Political prisoners (PPs) are those who are arrested, detained and imprisoned for acts in furtherance of their political beliefs. As a consequence, they are arbitrarily denied their liberty and due process of law. They may be charged with political offenses such as rebellion, sedition and variations thereof.

But more often than not, they are charged with criminal offenses in an effort to deny the political nature of their alleged offenses and to stigmatize them as plain criminals guilty of the most heinous crimes. Political prisoners are slapped with murder, multiple murder, frustrated murder, arson, kidnapping, robbery-in-band, illegal possession of firearms and others. These are mostly non-bailable offenses meant to keep the PPs incarcerated while court hearings proceeded at snail’s pace.

There are a total of 360 political prisoners (PPs) reported to Karapatan as of August 31, 2011. The vast majority were arrested under the Gloria Macapagal-Arroyo administration, they being among the most determined in opposing the corrupt, repressive and puppet Arroyo regime. There are 27 who were arrested before Arroyo’s time and 77 under Benigno Aquino III.
Among them, there are 11 elderly political prisoners and 28 sick ones who should be expeditiously released on humanitarian and just grounds.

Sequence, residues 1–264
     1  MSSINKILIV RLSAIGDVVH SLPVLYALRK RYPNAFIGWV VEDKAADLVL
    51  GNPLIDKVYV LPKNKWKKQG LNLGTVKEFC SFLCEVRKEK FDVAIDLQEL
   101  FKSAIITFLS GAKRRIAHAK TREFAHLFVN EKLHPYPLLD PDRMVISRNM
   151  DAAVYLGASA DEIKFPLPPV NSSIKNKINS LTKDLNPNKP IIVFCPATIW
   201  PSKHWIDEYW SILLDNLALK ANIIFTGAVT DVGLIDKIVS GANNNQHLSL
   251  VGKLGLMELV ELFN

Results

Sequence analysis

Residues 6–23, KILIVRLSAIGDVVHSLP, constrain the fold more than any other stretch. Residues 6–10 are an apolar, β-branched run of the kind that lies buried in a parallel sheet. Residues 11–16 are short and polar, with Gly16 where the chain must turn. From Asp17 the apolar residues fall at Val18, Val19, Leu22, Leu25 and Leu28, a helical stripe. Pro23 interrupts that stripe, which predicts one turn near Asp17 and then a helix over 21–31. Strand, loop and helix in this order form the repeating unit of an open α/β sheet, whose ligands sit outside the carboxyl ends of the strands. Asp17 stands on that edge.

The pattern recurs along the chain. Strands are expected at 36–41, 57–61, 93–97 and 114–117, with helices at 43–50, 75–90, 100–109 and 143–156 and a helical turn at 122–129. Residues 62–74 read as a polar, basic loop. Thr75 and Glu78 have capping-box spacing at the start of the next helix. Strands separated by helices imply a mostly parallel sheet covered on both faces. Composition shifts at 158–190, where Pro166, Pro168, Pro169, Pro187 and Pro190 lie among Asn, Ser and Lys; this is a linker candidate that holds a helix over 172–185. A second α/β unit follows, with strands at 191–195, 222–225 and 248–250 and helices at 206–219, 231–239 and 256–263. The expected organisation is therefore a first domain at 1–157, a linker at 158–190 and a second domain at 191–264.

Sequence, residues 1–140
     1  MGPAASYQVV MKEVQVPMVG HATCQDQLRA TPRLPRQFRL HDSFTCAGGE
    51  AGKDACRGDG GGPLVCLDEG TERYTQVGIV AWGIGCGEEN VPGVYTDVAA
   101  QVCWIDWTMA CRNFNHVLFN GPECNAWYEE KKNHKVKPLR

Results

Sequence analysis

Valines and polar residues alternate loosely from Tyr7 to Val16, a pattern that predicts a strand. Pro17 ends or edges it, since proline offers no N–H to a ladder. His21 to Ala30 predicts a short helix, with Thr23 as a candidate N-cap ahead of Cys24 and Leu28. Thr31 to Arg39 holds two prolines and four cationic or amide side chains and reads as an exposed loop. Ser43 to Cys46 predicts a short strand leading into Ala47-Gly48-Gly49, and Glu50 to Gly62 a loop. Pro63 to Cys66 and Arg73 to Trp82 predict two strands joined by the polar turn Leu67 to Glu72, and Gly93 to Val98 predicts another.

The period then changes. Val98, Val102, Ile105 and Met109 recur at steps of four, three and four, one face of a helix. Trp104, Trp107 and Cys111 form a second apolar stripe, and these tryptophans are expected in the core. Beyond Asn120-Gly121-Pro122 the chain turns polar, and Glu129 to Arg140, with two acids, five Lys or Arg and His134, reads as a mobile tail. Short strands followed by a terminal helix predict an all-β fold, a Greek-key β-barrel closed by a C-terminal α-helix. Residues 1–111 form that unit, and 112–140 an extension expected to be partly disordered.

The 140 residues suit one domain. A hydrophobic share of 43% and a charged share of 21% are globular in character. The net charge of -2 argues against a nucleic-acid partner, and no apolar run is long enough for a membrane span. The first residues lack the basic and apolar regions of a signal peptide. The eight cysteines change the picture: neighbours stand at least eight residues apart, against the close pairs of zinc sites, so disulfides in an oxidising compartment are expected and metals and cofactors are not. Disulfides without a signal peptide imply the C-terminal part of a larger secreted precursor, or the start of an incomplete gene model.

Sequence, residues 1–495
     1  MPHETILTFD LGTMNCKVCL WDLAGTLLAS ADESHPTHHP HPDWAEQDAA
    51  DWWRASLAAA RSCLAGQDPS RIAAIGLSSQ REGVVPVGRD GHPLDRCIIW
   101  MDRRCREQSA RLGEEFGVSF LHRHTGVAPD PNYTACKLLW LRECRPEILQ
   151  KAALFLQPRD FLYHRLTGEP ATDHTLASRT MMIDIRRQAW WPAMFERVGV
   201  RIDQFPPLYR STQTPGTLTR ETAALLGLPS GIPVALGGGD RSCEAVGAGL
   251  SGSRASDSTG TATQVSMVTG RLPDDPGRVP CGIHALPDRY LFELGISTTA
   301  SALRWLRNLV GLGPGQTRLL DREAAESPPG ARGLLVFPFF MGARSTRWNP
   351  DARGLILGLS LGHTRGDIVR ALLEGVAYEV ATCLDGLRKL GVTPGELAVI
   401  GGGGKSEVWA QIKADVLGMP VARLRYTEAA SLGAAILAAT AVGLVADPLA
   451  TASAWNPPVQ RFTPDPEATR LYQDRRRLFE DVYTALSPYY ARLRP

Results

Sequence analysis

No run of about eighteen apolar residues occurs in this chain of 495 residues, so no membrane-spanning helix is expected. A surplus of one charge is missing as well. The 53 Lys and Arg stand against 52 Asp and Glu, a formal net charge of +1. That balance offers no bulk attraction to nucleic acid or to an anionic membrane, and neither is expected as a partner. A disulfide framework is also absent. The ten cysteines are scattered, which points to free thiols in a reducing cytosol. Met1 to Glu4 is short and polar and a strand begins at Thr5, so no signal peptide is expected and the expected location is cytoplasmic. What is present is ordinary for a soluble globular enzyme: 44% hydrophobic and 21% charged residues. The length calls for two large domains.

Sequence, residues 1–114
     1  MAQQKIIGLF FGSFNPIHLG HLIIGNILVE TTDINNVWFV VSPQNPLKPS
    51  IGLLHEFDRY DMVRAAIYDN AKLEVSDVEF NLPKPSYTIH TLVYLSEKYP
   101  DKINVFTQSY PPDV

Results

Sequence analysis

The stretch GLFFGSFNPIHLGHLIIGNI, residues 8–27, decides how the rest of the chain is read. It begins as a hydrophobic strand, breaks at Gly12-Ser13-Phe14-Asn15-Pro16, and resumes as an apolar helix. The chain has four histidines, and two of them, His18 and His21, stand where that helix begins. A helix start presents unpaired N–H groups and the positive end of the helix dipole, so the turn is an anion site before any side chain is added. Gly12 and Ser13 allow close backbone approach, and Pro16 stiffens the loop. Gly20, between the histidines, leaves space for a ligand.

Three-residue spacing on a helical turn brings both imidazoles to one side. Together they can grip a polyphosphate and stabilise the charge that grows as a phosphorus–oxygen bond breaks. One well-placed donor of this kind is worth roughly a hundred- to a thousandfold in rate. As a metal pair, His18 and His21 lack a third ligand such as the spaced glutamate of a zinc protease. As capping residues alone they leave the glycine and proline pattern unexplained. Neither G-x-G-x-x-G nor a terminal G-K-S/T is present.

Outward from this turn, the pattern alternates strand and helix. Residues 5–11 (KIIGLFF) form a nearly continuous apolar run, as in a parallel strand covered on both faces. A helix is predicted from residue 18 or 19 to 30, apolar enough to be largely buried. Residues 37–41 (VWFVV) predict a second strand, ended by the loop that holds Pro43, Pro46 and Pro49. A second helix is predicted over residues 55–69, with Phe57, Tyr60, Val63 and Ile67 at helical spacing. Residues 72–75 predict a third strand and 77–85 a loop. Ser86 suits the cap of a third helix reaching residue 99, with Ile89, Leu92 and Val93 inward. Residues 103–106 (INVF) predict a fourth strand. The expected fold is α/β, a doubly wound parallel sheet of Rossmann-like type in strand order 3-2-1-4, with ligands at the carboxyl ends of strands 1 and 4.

Some of them are as follows:
Jesus Alegre (who will be 67 years old in December), Moreta Alegre, 65, and son Selman Alegre, 37, all from Sagay Negros Occidental, were simple folk and farmers, before they were illegally arrested and incarcerated. Moreta is illiterate while Jesus could write his name but barely could read and write. They are a family who had been languishing in prison for 7 years. They spent four years at the Sagay Prison in Negros Occidental and three years now at the National Bilibid Prison in Muntinlupa (Jesus and Selman) and at the Correctional Institution for Women (Moreta). They were arrested because they were accused in the murder of an associate of a certain Avelino Gaspar, a landlord in the area who started grabbing their land. They fought to stay on their land which caused the death of another son Romeo. Despite the death of Romeo and the threats and harassments they got from the landlord, they refused to leave their land. Unfortunately, one of the men of Avelino Gaspar was killed by unidentified persons and this was blamed on them. They were accused of murder and later convicted to suffer in jail for life.